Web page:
Now I’m back to this healthy, figure eight coil. Now I need to secure it, cinch it down for storage. Storing is either hanging it by tying it off to something or cinching it down and just throwing it into a storage locker. I’m going to show you the hanging one. I’m going to take at least a loop and a half or two loops worth of length. Do not start with too short a piece. You’re not going to be happy at the end of this. Good, long loop length, and I’m basically going to take it in my hand and I’m going to come about a third of the way down and I’m going to cinch it with this finger. I’m going to start to wrap the line. I’m doing this tightly. I usually like to get a minimum of five in place. I’m going to run my hand through. For the hanging I’m just going to pull this and pull the tail through. That’s it. This isn’t going to go anywhere. Now I have the ability to do a half-hitch on a rail or on a hook or wherever and I can store it.

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How to Stow Coiled Line

Now if I was putting this in a locker, I really wouldn’t need a tail. I’m going to undo this. I don’t need quite this length. I’m going to put a couple extra wraps on this. In this case, I’m going to run the loop through but I’m going to run it back over the line and cinch it down. Now I’ve got a very sturdy piece for storage. If I had dock lines or a bunch of extra halyards or sheets, I could throw a whole bunch of these into a storage locker and they’re going to stay nice and secure and not get mixed up and knotted together, and I’ve retained the non-twist figure eight coil.

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The Incorrect Way to Coil Lines on Winches

I’ve shown you how to properly coil a line using the figure eight when you’re going to hang it or throw it into a storage locker. Now imagine your halyard tail’s around your cabin top winches and you’re done for the day and you want to coil these up. What’s the common thing that we see? We see people doing these really beautiful loops. As I’m doing this, just as before when I do perfect loops, I’m introducing twist so when I go to release this I’m going to introduce hockles and twist and I’m going to be pulling at it, trying to get this line to run free.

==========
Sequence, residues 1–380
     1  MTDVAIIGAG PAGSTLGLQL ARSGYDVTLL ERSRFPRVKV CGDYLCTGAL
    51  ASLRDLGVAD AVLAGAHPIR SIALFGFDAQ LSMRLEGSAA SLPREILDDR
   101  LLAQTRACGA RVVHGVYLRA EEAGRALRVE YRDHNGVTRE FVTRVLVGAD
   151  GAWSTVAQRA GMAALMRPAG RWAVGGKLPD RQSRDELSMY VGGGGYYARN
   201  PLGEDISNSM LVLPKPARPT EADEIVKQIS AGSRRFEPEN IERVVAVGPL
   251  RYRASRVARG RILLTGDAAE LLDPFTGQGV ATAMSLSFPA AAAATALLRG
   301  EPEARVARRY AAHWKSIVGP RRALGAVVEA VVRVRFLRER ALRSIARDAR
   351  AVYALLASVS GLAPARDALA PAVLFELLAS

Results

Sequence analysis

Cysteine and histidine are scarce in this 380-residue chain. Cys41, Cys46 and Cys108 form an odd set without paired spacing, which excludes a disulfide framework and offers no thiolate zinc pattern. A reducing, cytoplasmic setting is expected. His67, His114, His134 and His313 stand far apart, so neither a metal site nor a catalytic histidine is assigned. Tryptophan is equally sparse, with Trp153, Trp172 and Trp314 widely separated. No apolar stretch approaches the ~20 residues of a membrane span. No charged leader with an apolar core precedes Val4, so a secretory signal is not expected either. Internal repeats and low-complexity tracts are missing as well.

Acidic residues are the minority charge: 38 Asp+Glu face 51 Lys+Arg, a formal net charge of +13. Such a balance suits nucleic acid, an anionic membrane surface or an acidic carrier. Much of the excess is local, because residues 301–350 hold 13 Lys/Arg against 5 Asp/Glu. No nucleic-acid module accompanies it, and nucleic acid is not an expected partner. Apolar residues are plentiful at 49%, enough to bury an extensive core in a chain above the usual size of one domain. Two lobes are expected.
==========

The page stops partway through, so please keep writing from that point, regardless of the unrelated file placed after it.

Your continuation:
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The Correct Way to Coil Lines on Winches

Now the proper way to store halyard tails. Open hand and you’re just going to repeat a figure eight back and forth. I’m introducing no twist. I’m not having to rotate my wrist. Then when you’re ready to use this, just drop it in the cabin. No twist, everything just zings right through the blocks. How to coil line 8

How to Coil Large Diameter Line

I’ve shown you how to properly coil lines on boats, say, under 50 feet. Imagine you find yourself out sailing on a 50, 60, 70, 80 foot boat. We’re going to get in some large line diameters. This is 5/8”. Maybe it’s 1” or even larger. Because of the length of the boat we’re talking about a long length of line. It’s heavy to begin with. This is all polyester. If this was water sodden it’s going to be double the weight. Unless you’re a bodybuilder with amazing stamina you’re not going to be able to stand up and do arm coils with this. It’s just too heavy. How do I coil this and not introduce kinks into it? I’m sitting Indian style here. Say this is the deck of the boat. I’m going to keep my knees fairly high. I’m going to be doing full arm length grabs of this line and I’ll be laying it out in a figure eight.

Again, if this was something that had hardware on it I would start with the working end first and just lay that across my leg. I’m going to take this over here. I’m going to do a full arm grab and then I’m going to lay it down. I’m going to do the same thing and I’m going to lay it down. You can see with each time I do this I just build my figure eight, and because I’m doing full arm lengths it’s a consistent lay.